Battle Plans against Pittsburgh

Offense: Three Offensive Keys to Victory: 1. Balance: The key for the Ravens winning ball games this year still comes down to their ability to establish a consistent ground attack week in and week out. This formula for offensive success has worked for the past three years, and it won't be ignored by head coach Brian Billick and offense coordinator Matt Cavanaugh, as they go up against a stingy Pittsburgh rush defense on Sunday.

Jamal Lewis still need to touch the ball 20 times because quite simply, when he has carried the ball that many times, the Ravens have only lost once. As the game progresses, and Lewis gets more and more carries each drive, any defense he faces will inevitably wear out no matter how tough they are against the run because Lewis is a human battering ram.


Ultimately, if the run/pass ratio stays close to 50%, the Ravens will have established a perfectly balanced offense.


2. Spread them out, but be careful: Despite there being a strong need for the Ravens to establish Lewis as a threat in the running game, they will clearly need to employ a somewhat dynamic passing attack that can keep the Steelers' pass defense on its toes to some degree.


That means that when it comes right down to it, the Ravens will likely need to throw the ball well to help setup up their rush offense. To do this, the Ravens will use a spread offense, deploying three to four wideouts on all downs, whether they run or pass the ball, while still keeping one TE/FB on the field to function as an extra blocker.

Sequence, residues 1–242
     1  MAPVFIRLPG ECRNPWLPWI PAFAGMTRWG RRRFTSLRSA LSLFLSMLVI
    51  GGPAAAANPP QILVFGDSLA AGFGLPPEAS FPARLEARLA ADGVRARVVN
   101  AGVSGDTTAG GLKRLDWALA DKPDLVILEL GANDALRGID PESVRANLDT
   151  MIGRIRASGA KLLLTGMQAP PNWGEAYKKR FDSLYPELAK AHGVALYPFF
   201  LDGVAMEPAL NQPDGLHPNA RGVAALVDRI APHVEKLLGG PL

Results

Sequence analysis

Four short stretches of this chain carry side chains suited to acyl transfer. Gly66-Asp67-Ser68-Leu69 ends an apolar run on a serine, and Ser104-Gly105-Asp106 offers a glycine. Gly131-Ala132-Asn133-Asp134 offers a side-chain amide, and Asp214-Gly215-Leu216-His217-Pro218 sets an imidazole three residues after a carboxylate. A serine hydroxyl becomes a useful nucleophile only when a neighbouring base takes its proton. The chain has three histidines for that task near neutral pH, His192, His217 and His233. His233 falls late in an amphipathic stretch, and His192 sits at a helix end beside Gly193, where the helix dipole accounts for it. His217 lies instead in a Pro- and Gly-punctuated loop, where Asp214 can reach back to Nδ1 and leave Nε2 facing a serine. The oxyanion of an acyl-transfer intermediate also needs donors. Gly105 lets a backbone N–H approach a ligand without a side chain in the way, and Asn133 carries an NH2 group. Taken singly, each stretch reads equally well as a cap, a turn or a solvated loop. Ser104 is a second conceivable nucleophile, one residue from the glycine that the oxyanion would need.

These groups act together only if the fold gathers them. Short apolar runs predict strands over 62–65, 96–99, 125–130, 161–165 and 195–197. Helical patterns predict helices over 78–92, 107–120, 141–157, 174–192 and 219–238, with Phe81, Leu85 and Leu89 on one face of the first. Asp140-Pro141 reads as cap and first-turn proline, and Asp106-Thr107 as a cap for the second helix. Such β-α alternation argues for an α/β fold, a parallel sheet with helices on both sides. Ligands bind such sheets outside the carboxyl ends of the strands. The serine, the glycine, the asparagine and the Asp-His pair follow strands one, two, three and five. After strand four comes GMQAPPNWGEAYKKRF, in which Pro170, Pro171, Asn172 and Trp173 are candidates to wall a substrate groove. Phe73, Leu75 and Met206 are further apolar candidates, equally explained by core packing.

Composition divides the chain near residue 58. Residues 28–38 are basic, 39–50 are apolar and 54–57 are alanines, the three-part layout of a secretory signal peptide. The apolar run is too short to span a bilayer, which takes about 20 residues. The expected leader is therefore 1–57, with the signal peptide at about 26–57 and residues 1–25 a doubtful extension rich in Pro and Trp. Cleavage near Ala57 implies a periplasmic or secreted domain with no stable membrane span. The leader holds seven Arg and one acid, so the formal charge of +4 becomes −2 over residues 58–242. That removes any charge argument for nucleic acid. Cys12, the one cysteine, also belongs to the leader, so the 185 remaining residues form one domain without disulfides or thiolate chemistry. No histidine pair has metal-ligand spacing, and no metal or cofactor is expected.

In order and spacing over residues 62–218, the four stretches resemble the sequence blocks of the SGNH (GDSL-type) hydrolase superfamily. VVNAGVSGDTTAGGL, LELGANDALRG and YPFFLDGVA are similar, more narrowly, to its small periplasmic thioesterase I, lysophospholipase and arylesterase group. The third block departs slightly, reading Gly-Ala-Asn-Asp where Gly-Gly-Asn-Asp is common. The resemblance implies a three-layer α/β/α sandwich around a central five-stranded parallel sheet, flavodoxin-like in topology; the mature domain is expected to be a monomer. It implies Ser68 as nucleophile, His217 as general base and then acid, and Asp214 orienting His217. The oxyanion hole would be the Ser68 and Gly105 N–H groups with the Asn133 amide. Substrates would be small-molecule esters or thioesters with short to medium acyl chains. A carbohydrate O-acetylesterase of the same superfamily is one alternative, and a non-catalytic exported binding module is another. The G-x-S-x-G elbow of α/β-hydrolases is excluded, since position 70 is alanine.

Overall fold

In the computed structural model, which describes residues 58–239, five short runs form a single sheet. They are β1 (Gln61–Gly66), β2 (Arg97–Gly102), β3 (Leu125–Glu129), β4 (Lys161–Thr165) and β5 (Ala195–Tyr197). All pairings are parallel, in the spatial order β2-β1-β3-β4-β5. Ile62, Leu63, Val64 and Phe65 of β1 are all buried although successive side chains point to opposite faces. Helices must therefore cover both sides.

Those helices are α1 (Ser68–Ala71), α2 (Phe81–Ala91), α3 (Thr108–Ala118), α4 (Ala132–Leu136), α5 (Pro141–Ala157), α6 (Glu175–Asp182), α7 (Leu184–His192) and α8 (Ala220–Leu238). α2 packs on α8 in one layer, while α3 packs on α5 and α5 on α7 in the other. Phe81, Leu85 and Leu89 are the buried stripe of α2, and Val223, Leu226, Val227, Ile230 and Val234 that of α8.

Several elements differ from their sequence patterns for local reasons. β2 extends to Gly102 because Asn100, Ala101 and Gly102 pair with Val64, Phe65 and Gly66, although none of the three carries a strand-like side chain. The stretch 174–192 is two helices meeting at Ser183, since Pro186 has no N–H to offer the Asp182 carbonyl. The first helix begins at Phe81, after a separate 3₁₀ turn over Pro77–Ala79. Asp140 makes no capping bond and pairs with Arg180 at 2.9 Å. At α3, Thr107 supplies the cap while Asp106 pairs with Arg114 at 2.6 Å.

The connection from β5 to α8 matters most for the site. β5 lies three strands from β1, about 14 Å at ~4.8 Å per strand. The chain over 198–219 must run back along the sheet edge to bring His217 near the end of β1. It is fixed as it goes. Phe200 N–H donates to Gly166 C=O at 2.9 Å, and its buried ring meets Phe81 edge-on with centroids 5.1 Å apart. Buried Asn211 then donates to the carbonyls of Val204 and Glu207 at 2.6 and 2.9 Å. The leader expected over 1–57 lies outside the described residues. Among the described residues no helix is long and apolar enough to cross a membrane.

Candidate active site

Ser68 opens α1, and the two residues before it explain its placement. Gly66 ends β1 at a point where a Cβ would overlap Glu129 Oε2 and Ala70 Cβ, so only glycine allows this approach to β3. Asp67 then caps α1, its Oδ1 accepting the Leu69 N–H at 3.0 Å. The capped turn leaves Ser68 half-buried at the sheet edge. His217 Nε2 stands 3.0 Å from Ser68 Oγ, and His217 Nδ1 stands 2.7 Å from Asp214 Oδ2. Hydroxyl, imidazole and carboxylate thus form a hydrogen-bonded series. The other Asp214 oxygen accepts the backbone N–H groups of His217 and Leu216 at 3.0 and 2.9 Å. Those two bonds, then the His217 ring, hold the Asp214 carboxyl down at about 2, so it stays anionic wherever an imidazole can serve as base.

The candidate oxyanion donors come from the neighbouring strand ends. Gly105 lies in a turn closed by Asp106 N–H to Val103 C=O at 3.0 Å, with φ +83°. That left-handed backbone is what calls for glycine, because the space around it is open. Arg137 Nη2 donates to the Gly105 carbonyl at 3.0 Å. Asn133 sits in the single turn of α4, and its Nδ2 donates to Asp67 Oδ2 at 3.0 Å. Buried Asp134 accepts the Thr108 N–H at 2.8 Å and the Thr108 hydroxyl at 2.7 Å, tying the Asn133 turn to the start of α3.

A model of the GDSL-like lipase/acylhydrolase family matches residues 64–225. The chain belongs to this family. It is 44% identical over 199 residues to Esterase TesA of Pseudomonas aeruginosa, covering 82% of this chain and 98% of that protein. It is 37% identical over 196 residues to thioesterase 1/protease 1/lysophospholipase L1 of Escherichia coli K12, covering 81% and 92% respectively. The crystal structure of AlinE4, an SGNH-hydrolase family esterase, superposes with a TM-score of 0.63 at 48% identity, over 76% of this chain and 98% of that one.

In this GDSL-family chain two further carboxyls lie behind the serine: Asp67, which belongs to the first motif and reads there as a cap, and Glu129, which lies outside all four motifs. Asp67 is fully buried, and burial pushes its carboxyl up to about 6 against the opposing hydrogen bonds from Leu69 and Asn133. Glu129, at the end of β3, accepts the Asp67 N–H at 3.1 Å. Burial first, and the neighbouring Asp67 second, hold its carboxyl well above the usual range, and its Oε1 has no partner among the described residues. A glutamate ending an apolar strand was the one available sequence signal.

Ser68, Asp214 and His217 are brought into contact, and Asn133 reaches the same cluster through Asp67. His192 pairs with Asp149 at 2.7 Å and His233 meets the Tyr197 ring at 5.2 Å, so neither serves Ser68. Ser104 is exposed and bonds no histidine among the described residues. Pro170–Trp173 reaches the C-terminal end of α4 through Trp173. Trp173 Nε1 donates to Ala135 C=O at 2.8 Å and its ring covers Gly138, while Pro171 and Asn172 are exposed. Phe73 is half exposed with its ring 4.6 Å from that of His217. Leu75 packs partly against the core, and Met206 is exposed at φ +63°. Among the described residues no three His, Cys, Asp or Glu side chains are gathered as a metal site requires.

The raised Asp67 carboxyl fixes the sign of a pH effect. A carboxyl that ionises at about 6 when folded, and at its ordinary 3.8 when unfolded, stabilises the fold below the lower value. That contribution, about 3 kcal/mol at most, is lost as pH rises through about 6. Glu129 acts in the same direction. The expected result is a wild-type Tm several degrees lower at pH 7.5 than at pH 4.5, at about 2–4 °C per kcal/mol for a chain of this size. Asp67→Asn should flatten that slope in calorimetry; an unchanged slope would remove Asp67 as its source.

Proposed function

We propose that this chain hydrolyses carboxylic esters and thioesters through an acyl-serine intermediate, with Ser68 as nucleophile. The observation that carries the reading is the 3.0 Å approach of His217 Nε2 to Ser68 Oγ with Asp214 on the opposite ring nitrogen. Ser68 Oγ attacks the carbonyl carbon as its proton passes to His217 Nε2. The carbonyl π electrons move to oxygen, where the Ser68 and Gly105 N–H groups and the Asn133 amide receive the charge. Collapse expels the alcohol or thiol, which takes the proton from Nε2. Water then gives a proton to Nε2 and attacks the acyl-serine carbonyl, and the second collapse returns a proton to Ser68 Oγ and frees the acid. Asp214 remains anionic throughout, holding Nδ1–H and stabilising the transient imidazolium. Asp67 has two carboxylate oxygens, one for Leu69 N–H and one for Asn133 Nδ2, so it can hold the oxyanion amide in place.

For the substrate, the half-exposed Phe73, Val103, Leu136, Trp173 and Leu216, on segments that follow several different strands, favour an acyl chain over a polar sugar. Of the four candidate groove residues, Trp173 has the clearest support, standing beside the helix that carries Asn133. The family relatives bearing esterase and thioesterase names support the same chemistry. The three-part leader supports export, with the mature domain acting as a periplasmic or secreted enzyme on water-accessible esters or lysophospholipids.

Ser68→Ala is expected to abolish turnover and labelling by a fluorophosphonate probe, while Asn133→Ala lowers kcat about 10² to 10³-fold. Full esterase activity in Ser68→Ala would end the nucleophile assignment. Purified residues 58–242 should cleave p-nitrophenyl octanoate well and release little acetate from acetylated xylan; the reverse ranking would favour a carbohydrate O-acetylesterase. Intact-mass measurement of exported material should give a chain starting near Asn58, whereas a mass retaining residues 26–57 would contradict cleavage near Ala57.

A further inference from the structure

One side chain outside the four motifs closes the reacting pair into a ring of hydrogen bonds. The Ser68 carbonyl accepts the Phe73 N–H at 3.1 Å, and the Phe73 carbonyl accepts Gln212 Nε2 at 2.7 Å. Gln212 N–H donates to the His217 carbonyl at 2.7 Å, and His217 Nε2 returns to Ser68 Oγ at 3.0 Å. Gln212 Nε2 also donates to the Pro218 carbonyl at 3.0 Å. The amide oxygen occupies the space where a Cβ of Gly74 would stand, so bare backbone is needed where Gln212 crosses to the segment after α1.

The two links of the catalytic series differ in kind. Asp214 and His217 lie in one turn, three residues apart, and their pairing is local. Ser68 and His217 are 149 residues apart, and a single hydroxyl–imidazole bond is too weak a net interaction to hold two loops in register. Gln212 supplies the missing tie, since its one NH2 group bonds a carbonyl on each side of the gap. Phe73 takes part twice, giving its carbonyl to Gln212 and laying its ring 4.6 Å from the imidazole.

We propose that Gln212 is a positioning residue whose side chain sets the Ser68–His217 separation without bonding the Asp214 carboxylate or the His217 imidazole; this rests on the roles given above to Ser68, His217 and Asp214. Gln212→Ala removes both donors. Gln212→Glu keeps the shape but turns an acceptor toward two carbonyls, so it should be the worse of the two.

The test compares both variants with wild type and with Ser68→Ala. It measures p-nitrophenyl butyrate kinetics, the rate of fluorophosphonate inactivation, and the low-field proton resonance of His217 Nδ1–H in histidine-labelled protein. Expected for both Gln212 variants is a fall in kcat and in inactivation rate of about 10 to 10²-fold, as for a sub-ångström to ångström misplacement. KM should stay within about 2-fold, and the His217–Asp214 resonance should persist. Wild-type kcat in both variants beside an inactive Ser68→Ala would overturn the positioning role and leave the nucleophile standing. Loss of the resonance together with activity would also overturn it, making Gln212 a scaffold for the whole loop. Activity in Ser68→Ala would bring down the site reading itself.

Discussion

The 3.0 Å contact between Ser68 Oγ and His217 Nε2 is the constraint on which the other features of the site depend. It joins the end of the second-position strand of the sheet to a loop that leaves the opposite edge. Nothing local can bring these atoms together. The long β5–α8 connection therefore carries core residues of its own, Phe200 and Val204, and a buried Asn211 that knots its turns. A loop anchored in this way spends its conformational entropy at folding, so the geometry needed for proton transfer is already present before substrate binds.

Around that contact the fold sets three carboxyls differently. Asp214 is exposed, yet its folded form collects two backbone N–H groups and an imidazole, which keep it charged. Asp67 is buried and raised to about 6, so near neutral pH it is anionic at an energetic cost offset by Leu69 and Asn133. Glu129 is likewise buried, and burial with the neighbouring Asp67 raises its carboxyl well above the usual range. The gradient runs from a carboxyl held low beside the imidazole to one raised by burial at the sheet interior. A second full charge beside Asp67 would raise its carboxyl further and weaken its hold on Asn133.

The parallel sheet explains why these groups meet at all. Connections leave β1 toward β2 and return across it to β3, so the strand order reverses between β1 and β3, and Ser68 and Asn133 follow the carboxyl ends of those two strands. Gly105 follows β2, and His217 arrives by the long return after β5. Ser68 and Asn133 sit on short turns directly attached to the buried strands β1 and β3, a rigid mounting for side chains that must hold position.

The biggest void for the Ravens to attack should be in the middle of the field, where gains of 5-10 yards can be had using a balanced intermediate passing attack.  That means crossing routes, inside slants and curls should be used in heavy doses, with tight ends Todd Heap and Jon Jones running the routes in between the hashes.


However, the Ravens can't throw the ball as many times as Oakland or New England did against Pittsburgh in the first two weeks of the season. If the Ravens just pass, pass, pass, they will be committing suicide against the Steelers' blitz happy defense.


3. Play smart: This is a game in which quarterback Chris Redman can shine. He doesn't need to throw for 300 yards. He doesn't need to throw the ball 40-50 times. He doesn't need to carry the offense on his shoulders.

The Ravens' coaching staff won't allow him to feel that much pressure against the Steelers' revived pass rush. But they will ask him to play a smart game.


Redman will have to expose different matchups when the opportunity presents itself. He will have to release the ball within 3-4 seconds on each pass, and make his reads quickly and decisively.


And more than anything, he cannot turn the ball over. Redman has become adept at managing the offense in recent weeks, so he more than anyone knows the importance of taking care of the football.


Defense Three Defensive Keys to Victory:


1. Stop the run: The Steelers' offense will likely come out throwing to help establish their rush attack, which has gotten better in their last three games against New Orleans, Cincinnati and Indianapolis. Still, don't let anyone tell you that the Steelers can thrive by throwing the ball out of necessity.


If they had their druthers, they would pound teams into submission every Sunday. With an immense offensive line that can control the line of scrimmage and a stable of running backs that all have their own distinct running styles, the Steelers are simply built to run the ball.


With that in mind, the Ravens must stymie halfback Amos Zeroue from the get go. Zeroue has the speed to score a touchdown on any given carry and the elusiveness to slip by tacklers. If he gets loose, the Ravens' defense will not be able to stop the Steelers from moving the ball up and down the

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